What is the molecular geometry of a nitrogen molecule, #"N"_2# ?

1 Answer
Jan 7, 2016

Answer:

Linear.

Explanation:

In order to be able to determine the molecular geometry of a given compound, you need to first draw its Lewis structure.

Start by calculating how many valence electrons you'd get for a molecule of nitrogen gas, #"N"_2#.

Nitrogen is located in period 2, group 15 of the periodic table, which tells you that it has #5# valence electrons. This means that the nitrogen molecule will have a total of #10# valence electrons, #5# from each of the two nitrogen atoms.

Another important thing to realize about the fact that nitrogen has #5# valence electrons is that it needs #3# more to complete its octet.

This tells you that in order for both nitrogen atoms to have a complete octet, each must share three electrons with the other.

Therefore, you must draw a triple bond between the two nitrogen atoms. This will account for #3 xx 2 = 6# of the molecule's #10# valence electrons.

The remaining #4# valence electrons will be distributed as lone pairs, one of each nitrogen atom.

http://nonsibihighschool.org/acchonch9.php

Now, molecular geometry is all about regions of electron density, that is, about how many regions of electron density surround a given atom.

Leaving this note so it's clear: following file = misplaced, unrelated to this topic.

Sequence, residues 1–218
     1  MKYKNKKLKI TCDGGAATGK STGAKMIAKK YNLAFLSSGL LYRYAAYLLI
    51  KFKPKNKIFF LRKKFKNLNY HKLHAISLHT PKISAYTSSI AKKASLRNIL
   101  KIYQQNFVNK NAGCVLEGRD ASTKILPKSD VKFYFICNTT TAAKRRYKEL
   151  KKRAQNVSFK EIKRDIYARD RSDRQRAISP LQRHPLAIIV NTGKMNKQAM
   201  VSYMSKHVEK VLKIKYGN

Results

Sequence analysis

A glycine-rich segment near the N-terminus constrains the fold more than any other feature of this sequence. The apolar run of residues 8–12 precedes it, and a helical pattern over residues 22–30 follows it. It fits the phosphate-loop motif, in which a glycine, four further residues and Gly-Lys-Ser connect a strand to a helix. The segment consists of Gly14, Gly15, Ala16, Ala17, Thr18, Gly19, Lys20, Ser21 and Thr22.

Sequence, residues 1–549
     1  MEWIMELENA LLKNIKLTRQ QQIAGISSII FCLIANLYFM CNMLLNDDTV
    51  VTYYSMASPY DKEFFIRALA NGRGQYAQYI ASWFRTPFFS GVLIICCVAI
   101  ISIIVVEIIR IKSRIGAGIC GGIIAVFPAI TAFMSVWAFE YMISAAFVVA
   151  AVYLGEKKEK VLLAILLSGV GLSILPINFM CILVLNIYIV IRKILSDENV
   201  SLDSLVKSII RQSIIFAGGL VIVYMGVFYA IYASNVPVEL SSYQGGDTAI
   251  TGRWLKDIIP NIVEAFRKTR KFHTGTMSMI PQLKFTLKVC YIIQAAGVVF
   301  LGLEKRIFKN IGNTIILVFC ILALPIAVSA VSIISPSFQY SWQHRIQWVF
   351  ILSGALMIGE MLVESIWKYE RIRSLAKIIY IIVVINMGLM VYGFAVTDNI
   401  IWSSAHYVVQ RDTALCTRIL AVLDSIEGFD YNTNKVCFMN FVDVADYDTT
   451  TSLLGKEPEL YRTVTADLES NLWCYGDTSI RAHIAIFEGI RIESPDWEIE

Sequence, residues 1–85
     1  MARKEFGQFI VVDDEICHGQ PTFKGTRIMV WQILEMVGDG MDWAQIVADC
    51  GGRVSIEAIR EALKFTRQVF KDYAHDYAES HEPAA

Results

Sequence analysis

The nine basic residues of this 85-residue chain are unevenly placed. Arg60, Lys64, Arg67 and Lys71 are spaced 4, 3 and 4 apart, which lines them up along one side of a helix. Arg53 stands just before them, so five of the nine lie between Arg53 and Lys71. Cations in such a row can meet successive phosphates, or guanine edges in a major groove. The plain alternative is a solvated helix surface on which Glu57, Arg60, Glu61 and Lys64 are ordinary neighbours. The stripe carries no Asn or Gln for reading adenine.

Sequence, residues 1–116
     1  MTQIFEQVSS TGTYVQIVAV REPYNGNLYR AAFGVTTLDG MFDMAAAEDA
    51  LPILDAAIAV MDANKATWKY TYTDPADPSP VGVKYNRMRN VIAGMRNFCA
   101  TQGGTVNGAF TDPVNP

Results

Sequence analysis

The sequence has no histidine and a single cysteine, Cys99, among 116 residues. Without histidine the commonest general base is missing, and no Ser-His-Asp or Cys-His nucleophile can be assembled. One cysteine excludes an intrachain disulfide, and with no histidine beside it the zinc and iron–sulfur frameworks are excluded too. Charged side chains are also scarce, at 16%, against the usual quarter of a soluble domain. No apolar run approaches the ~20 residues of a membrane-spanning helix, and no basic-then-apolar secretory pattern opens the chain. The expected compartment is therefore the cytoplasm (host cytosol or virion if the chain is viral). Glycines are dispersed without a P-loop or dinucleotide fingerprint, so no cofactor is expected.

Remember, a region of electron density is

  • a single, double, or triple bond - they all count as one region of electron density
  • a lone pair of electrons

So, pick one of the two nitrogen atoms and count how many regions of electron density surround it - this is called the steric number.

In this case, one triple bond and one lone pair will amount to two regions of electron density. This means that the atoms have a steric number equal to #2#, which implies that they are #"sp"# hybridized.

According to VSEPR Theory, this molecule falls into the #"AX"# category, i.e. one bond, #"A"#, and one lone pair, #"X"#.

Therefore, the molecular geometry for this molecule will be linear, with a bond angle of about #180^@#.

https://www.boundless.com/chemistry/textbooks/boundless-chemistry-textbook/